Rabbi Berel Wein tells a humorous story about the time his plane ticket was cancelled due to a mix-up. Twenty minutes before take-off, the airline quickly seated him in first class, next to the vice-president of TWA. The vice-president noticed him reading the Chumash in Hebrew. After a few moments, he leaned over and asked, “What language is that book written in?”
“Hebrew,” Rabbi Wein replied, sweetly. “You mean there are still people left in the world who read and write Hebrew?” he responded incredulously. “I thought it was a dead language.” "Well,” Rabbi Wein explained, “there are millions of people in the world who read, write, and speak Hebrew. In fact, your airline flies regularly to a country where Hebrew is the official language, spoken by millions of people.”For some reason the VP disliked the response. “I see that you and I have nothing in common,” he muttered, turning away.
“That’s not true,” the Rabbi countered. “We have an important matter in common.”
“What’s that?” he snarled.
“Neither of us paid for this first-class seat.”
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What does this little exchange have to do with car insurance? Well, folks, you know that airplane passengers may pay highly varying amounts for their flight. It’s like going to a supermarket and finding out that the guy before you in the check-out line and the one after you – all the customers, in fact – are paying different prices for the same products! Well, I came to the realization that this is true of car insurance as well. When I prepare taxes, I often ask clients how much they spent on car insurance that year – if they used their car for business, they can deduct a portion of their expenses – and I found that everyone seemed to be paying a different amount. So when I saw Consumer Reports’ recent exposé on how car insurance premiums are calculated, revealing some of the secrets, it was a revelation. This article is a review of that CR report.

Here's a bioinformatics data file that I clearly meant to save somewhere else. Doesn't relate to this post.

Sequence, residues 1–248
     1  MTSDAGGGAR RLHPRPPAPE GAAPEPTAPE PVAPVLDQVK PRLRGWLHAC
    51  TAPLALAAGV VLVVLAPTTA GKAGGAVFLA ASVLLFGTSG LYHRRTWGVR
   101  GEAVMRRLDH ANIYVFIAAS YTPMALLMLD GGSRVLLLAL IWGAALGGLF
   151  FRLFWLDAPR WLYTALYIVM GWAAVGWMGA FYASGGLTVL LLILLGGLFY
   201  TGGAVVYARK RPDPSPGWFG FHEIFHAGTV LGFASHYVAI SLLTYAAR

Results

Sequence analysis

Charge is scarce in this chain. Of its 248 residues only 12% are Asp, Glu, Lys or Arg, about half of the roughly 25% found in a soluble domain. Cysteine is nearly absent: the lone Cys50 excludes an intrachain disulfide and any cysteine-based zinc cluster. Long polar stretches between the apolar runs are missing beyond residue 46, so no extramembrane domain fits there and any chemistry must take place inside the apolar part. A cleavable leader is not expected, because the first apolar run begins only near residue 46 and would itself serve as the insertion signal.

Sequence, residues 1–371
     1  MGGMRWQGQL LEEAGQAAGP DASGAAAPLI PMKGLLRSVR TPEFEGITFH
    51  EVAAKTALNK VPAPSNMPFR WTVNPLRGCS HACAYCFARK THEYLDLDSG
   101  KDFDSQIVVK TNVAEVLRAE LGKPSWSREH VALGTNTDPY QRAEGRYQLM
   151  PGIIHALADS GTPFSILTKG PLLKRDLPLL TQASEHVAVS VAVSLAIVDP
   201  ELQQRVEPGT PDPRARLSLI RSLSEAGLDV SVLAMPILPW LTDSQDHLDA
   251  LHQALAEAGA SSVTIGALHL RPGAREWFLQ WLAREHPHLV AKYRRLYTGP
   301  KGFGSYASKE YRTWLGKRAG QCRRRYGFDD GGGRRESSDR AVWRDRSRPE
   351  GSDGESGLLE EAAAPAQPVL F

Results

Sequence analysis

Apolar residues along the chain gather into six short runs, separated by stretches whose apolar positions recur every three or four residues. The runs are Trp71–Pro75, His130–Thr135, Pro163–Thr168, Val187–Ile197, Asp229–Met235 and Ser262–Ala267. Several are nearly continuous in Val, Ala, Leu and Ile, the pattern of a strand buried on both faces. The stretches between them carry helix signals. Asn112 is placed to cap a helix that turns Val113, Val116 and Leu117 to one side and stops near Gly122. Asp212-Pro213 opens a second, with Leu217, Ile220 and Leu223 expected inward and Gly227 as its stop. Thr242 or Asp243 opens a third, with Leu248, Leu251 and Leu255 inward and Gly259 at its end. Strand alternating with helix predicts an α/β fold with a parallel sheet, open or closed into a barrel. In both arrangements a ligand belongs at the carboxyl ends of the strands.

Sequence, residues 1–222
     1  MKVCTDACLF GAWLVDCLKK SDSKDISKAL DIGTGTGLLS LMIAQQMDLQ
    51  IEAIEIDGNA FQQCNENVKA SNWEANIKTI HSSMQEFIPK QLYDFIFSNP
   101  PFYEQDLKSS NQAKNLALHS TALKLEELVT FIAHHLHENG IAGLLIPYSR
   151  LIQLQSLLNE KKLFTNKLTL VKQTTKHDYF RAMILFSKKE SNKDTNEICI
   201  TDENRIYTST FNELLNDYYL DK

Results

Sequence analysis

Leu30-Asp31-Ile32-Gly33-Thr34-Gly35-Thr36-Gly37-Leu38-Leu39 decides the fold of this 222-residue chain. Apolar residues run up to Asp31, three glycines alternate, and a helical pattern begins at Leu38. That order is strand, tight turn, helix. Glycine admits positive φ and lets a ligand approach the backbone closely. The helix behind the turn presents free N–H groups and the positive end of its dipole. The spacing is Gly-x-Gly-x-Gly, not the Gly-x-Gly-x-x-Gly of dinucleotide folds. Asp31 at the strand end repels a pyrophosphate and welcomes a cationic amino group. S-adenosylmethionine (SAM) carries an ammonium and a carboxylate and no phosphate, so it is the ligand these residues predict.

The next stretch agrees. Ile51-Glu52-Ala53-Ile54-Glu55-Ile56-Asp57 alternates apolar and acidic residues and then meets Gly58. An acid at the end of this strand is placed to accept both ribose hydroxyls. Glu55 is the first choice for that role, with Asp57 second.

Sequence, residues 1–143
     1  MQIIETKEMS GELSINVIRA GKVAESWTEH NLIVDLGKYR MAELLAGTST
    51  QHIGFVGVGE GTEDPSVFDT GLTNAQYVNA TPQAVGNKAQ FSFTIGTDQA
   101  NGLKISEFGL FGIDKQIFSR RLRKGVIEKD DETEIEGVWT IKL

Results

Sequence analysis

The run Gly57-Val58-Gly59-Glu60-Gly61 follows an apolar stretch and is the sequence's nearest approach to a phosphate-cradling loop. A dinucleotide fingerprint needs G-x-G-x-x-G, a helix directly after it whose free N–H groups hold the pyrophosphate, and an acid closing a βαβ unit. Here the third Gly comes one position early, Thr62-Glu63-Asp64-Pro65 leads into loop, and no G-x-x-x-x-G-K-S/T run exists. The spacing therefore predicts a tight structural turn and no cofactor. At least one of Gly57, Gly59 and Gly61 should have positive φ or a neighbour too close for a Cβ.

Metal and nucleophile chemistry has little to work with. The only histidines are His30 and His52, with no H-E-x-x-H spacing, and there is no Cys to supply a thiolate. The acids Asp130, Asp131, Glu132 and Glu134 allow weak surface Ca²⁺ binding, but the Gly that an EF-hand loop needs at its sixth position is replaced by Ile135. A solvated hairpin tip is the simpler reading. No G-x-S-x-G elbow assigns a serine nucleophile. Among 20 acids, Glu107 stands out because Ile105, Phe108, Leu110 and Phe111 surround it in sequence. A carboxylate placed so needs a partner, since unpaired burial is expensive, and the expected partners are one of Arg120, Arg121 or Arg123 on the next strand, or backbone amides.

We have all heard the radio ads claiming that a 15-minute phone call to a certain insurance company will result in lower premiums. Is it true? What is the consumer supposed to believe? One thing that is true is that it might be possible to arrange things so that you get a lower rate. Consumer Reports analyzed two billion insurance quotes! A key finding is that even more important than your driving habits in determining your rates is an analysis of socioeconomic factors. They discovered that your credit score plays a major role in setting your price, and matters more than your driving record! Consumer Reports seems to feel that this is not fair. Clearly, however, the insurance companies are not stupid, and they have discovered that these scores can and do predict future accidents. Apparently they indicate your level of responsibility, which affects your driving habits.
A little history: Insurance companies used to use your zip code. You paid more if you lived in Baltimore City than in Carroll County. That was because they had more claims in Baltimore City. Since the companies can no longer use zip codes, credit scores have filled the gap. People living in Baltimore City also have lower credit scores than people in Carroll County.
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Considering the importance of credit scores, here are some tips:
1) Pay your bills on time, pay online, and keep track of your log-in names, passwords, and due dates on an Excel file. This prompts you to not miss a payment. Pretty easy.